The Plaintiff will not countenance burial of his son’s remains in a public cemetery. He wants him buried at any of his three pieces of land that he has named. That is why he filed this suit. He seeks two main reliefs; one, a permanent injunction to restrain the Defendant from burying the remains of the Deceased at Lang’ata Cemetery (relief (a) of the plaint), and two, a declaration that the remains of the Deceased be buried at the Plaintiff’s ancestral homestead in Athiani Village, Kitise Location in Makueni District, or alternatively at the Plaintiff’s Komarock Ranch in Kangundo District, or at the Plaintiff’s plot at Kantafu Shopping Centre in Kangundo District (relief (c)).
Together with the plaint the Plaintiff filed an application by chamber summons dated 21st November, 2008. The main prayer in the application is in more or less the same terms as relief (c) of the plaint. The Plaintiff seeks an order to allow him to bury the remains of the Deceased at Athiani Village, Kitise Location in Makueni District, or alternatively at his Komarock Ranch in Kangundo District, or at his plot at Kantafu Shopping Centre in Kangundo District.
It is clear that if the Plaintiff’s main prayer in the application is granted at this interlocutory stage, it will have the effect of finally determining the suit. There is no indication that the Defendant has been duly served with summons to enter appearance and copy of the plaint. It cannot be just at all that an order be granted whose effect would be to finally determine the suit in favour of the Plaintiff before the Defendant has been afforded an opportunity to defend the suit. Upon this ground alone I would refuse the application.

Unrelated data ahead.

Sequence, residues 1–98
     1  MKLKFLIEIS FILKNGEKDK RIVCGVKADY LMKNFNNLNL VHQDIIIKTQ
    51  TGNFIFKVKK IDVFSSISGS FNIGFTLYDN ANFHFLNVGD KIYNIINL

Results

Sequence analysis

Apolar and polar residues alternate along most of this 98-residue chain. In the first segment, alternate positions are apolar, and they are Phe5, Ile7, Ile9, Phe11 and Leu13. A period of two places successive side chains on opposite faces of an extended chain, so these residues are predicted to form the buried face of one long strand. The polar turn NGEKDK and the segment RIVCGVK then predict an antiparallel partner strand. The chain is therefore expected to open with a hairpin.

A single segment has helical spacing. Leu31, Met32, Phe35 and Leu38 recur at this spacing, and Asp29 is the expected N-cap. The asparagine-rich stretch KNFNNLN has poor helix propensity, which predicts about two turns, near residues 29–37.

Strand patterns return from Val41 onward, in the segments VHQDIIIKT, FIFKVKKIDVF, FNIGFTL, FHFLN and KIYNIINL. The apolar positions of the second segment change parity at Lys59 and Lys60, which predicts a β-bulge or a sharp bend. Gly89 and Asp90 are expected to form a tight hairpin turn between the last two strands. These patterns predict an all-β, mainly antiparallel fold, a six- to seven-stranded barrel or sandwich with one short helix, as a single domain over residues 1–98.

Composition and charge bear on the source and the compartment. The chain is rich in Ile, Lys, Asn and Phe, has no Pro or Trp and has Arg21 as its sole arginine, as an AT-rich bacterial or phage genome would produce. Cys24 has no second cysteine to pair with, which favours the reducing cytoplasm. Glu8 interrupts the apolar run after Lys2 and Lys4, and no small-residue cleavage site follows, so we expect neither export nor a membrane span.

But given the nature of burial disputes, attended as they usually are by high emotion and mortuary costs, it is desirable that I determine the application more substantively. Notwithstanding the way the main prayer is framed, it is apparent that what the Plaintiff is seeking is a temporary injunction to restrain the Defendant, pending disposal of the suit, from interring the remains of the Deceased at Lang’ata Cemetery or at any place other than any of the three places indicated by the Plaintiff. Indeed prayer 2 of the application sought an interim injunction in more or less those terms pending disposal of the application inter partes. The same was granted ex parte pending disposal of the application. I shall therefore proceed upon the basis that the Plaintiff is seeking a temporary injunction as I have framed above.
I have carefully read the supporting and replying affidavits. I have also given due consideration to the written submissions filed on behalf of the parties, including the cases cited. This being essentially an application for temporary injunction the Plaintiff must satisfy the conditions set out in the well-known case of GIELLA –VS- CASSMAN BROWN & CO LTD  EA 358. Those conditions are:-